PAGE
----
After being asked to describe my skin colour for the information gathering portion of the interview, the detective complained about how “PC” our culture is regarding race and other matters.
The detective explained that unwanted ass-smacking in high-schools is not actually sexual assault, and seemed surprised when I appeared offended.
When I described Barry as a “rapist”, the detective scoffed. He asked me if I considered the sexual assault I experienced to be on par with a “Paul Bernardo rape and abduction situation”, and told me that it was a “different thing.” He explained to me that what happened to me was a “betrayal” but not the same thing.
The detective asked why I would wait a year to report, and explained on multiple occasions that the lack of evidence would work against me. Tried to convince me to drop it.
The detective asked me whether or not I thought Barry had maybe “changed” by now. I told him, “Rapists don’t change, a rapist will always be a rapist.” To that, he responded and asked me if in the past I’d done anything I am not proud of now, and that lots of people make bad choices.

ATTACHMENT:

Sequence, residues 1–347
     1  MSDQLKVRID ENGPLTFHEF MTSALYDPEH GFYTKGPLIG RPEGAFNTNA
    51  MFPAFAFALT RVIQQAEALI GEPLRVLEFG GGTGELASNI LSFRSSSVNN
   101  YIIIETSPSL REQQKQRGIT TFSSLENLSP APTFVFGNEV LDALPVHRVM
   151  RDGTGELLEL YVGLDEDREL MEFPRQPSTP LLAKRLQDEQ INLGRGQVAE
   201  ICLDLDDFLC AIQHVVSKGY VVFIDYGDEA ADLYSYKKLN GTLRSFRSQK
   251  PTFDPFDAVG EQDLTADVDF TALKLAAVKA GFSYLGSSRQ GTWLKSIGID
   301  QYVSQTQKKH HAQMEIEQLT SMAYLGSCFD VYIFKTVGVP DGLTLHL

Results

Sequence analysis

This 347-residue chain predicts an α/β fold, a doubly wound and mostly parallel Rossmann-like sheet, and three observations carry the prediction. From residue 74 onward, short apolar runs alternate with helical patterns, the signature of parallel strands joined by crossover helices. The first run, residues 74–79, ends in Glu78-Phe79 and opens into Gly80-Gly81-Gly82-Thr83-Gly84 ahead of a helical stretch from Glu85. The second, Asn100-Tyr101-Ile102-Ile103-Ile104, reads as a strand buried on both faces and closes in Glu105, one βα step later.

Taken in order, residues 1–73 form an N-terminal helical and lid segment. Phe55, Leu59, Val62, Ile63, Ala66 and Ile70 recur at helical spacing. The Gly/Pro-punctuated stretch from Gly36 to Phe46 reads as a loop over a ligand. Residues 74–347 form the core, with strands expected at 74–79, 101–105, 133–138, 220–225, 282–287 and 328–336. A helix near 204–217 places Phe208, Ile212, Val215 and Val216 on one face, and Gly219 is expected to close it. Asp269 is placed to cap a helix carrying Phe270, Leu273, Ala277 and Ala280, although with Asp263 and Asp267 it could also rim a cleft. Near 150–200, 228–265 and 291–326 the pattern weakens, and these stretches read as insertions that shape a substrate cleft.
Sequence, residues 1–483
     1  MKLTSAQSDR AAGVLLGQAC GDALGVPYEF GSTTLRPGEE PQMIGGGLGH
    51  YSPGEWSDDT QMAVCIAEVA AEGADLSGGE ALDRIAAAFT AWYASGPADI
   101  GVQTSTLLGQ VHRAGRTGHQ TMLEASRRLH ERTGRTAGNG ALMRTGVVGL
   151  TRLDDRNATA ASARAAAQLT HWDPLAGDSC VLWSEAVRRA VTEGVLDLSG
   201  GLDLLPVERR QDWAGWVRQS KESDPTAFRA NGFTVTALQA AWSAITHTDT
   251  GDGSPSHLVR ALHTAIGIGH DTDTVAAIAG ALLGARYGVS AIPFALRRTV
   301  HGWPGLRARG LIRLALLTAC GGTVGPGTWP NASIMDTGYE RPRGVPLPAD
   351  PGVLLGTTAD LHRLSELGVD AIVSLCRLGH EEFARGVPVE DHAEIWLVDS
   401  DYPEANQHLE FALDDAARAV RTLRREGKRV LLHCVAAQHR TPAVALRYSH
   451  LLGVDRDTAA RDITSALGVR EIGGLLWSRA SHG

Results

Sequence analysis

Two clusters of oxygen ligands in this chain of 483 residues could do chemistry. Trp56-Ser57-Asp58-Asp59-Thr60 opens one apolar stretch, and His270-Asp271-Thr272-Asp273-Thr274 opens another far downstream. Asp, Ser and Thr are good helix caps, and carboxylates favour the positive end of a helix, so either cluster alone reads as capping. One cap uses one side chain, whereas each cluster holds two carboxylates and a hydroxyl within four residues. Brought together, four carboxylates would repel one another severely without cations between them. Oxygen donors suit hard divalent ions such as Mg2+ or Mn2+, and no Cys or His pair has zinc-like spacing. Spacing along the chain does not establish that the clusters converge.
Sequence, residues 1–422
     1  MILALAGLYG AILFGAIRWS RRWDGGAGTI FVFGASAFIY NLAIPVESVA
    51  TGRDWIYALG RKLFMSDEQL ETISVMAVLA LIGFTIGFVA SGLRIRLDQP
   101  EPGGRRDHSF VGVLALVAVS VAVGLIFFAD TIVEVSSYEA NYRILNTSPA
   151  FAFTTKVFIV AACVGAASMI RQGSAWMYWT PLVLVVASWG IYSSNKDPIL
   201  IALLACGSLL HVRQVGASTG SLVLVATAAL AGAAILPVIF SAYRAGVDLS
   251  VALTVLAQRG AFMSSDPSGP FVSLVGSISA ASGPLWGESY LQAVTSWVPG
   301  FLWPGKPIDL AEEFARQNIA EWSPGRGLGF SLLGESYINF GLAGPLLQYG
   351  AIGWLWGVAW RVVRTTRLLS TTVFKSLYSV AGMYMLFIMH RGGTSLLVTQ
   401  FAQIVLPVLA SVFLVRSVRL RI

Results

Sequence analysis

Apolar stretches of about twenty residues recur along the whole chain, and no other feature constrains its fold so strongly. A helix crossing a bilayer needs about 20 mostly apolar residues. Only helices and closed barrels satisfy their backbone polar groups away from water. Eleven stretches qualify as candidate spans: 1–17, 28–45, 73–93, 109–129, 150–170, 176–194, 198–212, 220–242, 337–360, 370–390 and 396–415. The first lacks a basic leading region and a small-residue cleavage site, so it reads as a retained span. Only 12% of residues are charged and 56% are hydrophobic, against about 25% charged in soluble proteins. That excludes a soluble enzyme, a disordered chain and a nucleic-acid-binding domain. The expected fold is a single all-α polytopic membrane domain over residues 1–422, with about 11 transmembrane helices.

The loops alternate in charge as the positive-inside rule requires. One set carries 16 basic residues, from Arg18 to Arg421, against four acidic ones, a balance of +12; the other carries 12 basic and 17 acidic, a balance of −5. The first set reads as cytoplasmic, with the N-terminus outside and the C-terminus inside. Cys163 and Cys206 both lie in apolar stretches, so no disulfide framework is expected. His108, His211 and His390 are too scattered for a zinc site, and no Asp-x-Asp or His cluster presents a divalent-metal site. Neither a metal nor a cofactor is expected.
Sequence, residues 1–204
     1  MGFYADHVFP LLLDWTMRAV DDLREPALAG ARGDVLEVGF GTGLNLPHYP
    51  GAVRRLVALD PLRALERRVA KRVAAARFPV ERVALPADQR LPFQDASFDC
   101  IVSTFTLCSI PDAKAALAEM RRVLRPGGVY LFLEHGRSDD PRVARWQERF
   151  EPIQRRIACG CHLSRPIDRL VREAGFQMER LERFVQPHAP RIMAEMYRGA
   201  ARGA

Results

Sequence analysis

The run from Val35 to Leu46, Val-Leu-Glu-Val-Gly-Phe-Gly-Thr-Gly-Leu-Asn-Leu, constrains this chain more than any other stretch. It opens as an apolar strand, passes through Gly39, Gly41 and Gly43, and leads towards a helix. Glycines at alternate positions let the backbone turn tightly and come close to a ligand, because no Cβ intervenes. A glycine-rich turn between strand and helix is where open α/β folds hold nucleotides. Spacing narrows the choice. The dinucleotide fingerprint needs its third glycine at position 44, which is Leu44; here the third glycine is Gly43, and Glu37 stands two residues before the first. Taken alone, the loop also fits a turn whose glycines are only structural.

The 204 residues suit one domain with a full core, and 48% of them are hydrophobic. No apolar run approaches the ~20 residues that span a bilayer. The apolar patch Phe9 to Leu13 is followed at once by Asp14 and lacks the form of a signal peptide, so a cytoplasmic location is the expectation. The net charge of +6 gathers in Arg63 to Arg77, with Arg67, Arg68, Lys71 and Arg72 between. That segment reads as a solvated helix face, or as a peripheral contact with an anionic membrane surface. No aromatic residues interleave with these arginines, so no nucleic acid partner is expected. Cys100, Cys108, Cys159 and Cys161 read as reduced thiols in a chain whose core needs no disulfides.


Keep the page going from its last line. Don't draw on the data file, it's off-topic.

The detective tried, on multiple occasions, to make me admit that I’d been lying about the rape kit, and tried to make me say that I’d actually refused one. When I explained that I was never told that evidence could still be collected after a shower, he told me that the workers at the assault centre do this for a living and I must be lying.
The detective asked me about my clothes and other physical evidence, and condescendingly asked why the assault centre had never asked for it. Pushed me to admit that I was lying or had refused to give it to them. Once I was sick of being accused of lying and snapped, the detective then asked “Oh, are you angry now?”
The detective stated that he was “not a social worker” and was not “there to make me feel better, just to tell me the truth” when I couldn’t stop crying during his constant drilling. Continued to push, drill, and accuse me of lying despite my crying for an hour and a half straight.